Landmark Labour Law Reforms in Quebec Ban Two-Tier Pensions, Benefits

After years of activism to end discrimination against young workers, the United Steelworkers (USW) is hailing landmark labour law reforms that will prohibit employers from imposing two-tier pension and benefit plans in Quebec workplaces.

Through strikes, lockouts and years of relentless public advocacy and lobbying, thousands of members of the USW (Syndicat des M├ętallos) in Quebec led the campaign to ban two-tier pensions and benefit and insurance plans in workers’ collective agreements.

“We are very proud to see that the battles led by so many Steelworkers’ members have been successful, not only in terms of their individual collective bargaining agreements, but also in playing a key role in shaping labour law in Quebec,” said Quebec Steelworkers Director Alain Croteau.

Most private-sector labour disputes in recent years have been provoked by attempts of employers to introduce two-tier pension and benefit plans, in which new workers receive substandard benefits compared to existing employees.

“In 2007, USW members at Rio Tinto Fer et Titane in Havre-Saint-Pierre led the way in resisting two-tier pension demands, going on strike for four months rather than give up their defined-benefit pension plan,” Croteau said.

“In 2016, USW members at Ciment Lafarge in Saint-Constant also rejected a two-tier pension plan. They were followed a year later by their fellow USW members at Resco and at Samuel etFils,” he added.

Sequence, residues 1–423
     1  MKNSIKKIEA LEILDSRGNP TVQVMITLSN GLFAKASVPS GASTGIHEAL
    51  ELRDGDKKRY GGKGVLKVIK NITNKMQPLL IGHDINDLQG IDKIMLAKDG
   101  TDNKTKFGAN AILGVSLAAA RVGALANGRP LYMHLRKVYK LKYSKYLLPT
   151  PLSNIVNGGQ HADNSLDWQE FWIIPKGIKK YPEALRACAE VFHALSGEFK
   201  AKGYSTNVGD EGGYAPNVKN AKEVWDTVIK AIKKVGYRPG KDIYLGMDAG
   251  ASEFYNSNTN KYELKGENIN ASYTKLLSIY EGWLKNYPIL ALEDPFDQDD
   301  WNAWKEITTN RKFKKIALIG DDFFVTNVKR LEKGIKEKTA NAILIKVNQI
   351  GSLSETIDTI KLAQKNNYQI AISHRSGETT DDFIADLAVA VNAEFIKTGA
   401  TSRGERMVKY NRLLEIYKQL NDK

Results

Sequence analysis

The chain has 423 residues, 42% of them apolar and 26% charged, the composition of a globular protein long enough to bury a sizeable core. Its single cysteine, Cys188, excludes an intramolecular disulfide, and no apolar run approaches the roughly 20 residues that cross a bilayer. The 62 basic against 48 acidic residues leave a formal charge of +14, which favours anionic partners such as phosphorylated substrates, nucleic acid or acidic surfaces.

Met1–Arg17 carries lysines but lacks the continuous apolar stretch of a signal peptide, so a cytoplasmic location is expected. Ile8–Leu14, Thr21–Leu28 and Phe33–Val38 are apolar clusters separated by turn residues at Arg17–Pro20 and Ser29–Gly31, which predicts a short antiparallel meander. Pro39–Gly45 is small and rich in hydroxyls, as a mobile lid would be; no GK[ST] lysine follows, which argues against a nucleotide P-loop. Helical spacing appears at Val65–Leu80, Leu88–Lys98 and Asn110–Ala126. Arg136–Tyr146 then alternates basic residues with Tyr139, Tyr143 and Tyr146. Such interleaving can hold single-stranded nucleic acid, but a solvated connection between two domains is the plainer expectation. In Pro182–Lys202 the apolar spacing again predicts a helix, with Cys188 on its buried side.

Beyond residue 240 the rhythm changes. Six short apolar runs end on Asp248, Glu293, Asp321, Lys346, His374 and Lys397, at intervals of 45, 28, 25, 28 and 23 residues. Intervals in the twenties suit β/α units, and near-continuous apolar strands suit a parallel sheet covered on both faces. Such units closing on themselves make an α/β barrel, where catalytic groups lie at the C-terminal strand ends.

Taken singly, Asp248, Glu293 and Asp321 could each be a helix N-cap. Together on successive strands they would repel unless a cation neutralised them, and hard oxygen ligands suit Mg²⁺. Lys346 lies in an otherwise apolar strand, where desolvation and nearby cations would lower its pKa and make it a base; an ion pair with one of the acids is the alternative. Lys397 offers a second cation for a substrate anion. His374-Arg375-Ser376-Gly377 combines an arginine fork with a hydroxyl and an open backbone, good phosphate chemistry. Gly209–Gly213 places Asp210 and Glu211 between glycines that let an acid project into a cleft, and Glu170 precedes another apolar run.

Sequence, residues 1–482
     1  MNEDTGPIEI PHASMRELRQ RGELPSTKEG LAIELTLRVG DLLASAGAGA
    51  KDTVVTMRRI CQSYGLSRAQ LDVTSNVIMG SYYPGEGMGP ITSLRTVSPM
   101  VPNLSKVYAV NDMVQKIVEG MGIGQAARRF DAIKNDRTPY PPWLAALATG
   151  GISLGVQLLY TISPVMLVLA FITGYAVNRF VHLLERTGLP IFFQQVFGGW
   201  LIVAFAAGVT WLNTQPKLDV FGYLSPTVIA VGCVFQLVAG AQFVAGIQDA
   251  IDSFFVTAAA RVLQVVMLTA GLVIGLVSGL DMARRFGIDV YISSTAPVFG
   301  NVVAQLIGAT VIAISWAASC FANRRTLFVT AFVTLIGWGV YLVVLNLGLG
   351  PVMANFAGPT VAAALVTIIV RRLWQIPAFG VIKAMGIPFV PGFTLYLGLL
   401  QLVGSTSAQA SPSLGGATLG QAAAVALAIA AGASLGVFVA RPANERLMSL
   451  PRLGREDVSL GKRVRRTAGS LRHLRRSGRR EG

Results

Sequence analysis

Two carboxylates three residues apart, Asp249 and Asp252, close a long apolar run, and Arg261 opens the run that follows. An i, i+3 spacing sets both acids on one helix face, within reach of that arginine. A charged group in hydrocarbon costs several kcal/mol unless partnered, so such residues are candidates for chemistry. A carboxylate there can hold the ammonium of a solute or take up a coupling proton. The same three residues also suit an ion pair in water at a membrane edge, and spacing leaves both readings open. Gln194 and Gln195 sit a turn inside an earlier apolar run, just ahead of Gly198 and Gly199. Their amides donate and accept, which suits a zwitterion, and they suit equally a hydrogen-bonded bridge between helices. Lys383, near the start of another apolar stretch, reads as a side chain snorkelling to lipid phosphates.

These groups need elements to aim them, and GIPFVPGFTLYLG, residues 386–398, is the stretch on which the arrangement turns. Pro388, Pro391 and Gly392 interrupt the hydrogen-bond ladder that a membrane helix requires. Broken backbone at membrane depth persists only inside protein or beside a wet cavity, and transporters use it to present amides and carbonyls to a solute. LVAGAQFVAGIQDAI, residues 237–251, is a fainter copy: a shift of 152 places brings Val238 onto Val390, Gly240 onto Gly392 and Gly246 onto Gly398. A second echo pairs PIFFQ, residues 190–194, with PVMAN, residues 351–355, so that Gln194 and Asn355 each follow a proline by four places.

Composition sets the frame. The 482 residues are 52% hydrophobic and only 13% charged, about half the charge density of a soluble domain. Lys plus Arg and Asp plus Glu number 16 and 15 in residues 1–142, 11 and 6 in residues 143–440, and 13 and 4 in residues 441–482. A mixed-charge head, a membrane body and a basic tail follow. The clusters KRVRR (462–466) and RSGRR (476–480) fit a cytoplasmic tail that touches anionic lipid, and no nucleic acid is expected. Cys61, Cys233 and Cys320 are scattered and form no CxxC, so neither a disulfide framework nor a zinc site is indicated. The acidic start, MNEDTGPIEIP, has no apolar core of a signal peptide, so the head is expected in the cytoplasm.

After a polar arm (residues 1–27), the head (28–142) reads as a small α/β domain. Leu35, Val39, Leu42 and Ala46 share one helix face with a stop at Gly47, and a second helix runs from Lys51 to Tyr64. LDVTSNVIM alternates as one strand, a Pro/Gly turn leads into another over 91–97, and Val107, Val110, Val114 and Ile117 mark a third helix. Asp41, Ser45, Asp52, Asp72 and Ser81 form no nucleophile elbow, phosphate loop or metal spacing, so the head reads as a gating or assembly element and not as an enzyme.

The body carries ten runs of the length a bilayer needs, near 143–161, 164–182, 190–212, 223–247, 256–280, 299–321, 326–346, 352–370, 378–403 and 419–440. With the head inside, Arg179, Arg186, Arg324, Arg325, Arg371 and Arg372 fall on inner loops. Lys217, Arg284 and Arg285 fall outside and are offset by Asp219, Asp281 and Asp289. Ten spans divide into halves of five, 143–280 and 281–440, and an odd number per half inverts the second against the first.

“In addition to these disputes, many, many other workers fought back at the bargaining table to reject employer demands for two-tier pension and benefit plans because such plans put new workers at a disadvantage.”

Croteau’s assistant, Dominic Lemieux, while previously serving as president of the Quebec Labour Federation’s youth wing, worked a decade to build support for a ban on two-tier pensions and benefits.

“This is a tremendous victory that refutes critics who like to imply that the union movement is disconnected from young people,” Lemieux said. “Today, we are seeing the results of a union-led struggle that was fought for young people, for fairness and solidarity in our workplaces.”

USW leaders said they hoped the Quebec government’s labour law reforms would have included transitional measures to resolve two-tier discrepancies that already exist in collective agreements.

“That is an issue still to be addressed,” Croteau said. “We will be asking our bargaining committees to put this issue at the top of their list of demands in future negotiations.”

The USW praised the fact that the labour law reforms also prohibit discrimination against young workers who are hired through temporary recruitment agencies and who fall under other types of employment status.

The new legislative reforms prohibiting two-tier pension and benefit plans come 17 years after the Quebec government enacted labour law amendments in 2001 that banned two-tier wage schemes in collective agreements.

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